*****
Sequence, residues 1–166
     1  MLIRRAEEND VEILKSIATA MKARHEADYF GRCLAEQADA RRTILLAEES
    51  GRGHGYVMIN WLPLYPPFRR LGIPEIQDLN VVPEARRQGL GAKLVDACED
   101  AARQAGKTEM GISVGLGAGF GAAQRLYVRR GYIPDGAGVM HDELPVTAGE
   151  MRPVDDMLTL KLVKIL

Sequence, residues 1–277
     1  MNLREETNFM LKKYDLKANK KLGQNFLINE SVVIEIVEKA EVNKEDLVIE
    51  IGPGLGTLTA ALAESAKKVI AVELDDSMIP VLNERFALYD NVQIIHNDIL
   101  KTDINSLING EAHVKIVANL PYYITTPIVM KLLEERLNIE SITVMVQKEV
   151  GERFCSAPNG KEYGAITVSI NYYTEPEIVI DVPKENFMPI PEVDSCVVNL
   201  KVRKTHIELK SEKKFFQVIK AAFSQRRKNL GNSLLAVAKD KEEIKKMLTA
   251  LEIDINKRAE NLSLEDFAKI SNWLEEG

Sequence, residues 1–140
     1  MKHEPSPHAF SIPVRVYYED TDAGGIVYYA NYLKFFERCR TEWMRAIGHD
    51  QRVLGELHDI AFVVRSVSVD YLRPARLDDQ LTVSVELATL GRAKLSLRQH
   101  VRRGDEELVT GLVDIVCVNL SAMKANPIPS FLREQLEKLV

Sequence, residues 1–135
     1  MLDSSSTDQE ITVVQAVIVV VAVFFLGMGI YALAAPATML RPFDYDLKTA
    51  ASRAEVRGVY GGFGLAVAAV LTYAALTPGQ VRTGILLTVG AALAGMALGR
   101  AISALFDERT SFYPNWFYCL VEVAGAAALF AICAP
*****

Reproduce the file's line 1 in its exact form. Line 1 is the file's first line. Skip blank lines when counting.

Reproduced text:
Sequence, residues 1–166